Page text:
You're missing that it doesn't say "don't use this" or "Exit is evil"; it says "use it carefully." And it says that it can make maintenance difficult. For example, if you've got a large method and there's an line like this somewhere in the middle, you might miss it entirely:

if aLocalObject.CheckSomeValue(aParameter) <> RIGHT_VALUE then Exit;

And yeah, I actually have seen stuff like that before, unfortunately. :(

A lot of the problems can be mitigated with a few rules of thumb:

  • Always put Exit (and Break and Continue) statements on their own line. It makes them harder to miss.
  • Favor small methods over larger ones, and break down large methods into smaller ones when reasonable. (WHEN REASONABLE! This is not an absolute rule, and applying it too zealously can make things worse instead of better. Keep Einstein's quote in mind: "Make everything as simple as possible, but not simpler.")
  • Learn to use try/finally blocks so that Exiting out of a procedure is safe to do without causing leaks or corruption.
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OK, so that's why I didn't get any upvotes! :) – Andreas Rejbrand Mar 23 '12 at 16:36
@Andreas: Gah! My eyes! – Mason Wheeler Mar 23 '12 at 16:36

In addition to David's and Mason's superb answers, I would like to share my personal Exit usage favorite. Let's call it, quite contrary to "safe guard", a "last resort provider". ;)

The basic idea:

function Search(List: TList; Item: TObject): Integer;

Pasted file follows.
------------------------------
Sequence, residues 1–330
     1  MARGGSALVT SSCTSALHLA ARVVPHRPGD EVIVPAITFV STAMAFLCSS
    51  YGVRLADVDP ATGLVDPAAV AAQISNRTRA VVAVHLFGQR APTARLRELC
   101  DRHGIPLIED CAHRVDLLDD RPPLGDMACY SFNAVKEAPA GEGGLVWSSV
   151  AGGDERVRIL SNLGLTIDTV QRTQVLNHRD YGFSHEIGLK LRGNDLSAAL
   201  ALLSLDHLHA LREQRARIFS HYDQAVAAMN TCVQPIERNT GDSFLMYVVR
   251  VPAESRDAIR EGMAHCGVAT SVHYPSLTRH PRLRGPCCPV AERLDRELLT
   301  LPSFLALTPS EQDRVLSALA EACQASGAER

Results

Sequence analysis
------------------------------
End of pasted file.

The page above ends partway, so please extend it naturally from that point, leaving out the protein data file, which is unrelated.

for Result := 0 to List.Count - 1 do
    if List[Result] = Item then
  Result := -1;

Other more realistic examples (from this answer and this answer):

  Order: array[0..6] of String = ('B', 'C', 'A', 'D', 'G', 'F', 'E'); 

function GetStringOrder(const S: String; CaseSensitive: Boolean): Integer; 
  for Result := 0 to Length(Order) - 1 do 
    if (CaseSensitive and (CompareStr(Order[Result], S) = 0)) or 
        (not CaseSensitive and (CompareText(Order[Result], S) = 0)) then 
  Result := Length(Order); 

function FindControlAtPos(Window: TWinControl; const ScreenPos: TPoint): TControl; 
  I: Integer; 
  C: TControl; 
  for I := Window.ControlCount - 1 downto 0 do 
    C := Window.Controls[I]; 
    if C.Visible and PtInRect(C.ClientRect, C.ScreenToClient(ScreenPos)) then 
      if C is TWinControl then 
        Result := FindControlAtPos(TWinControl(C), ScreenPos) 
        Result := C; 
  Result := Window; 

And concluding with a quote from Delphi's help on the compiler error message FOR-Loop variable '<element>' may be undefined after loop:

You can only rely on the final value of a for loop control variable if the loop is left with a goto or exit statement.

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Your linear search example is the canonical example of this usage +1 – David Heffernan Mar 23 '12 at 19:19

Like many things, exit is useful in some cases and not in others. I find it invaluable in those little functions that search through some container, loading an object from the container into 'result' inside the loop and looking for a matching property. If found, the function can just exit, if not, the result can be set to nil after the loop, just before the 'normal' return.

Also, surely there can be few developers who, while debugging, have not shoved in an 'exit' at the top of a procedure to stop it executing...

I can only agree with the points raised by the other posters re. guard clauses, exits buried in large, complex procedures etc.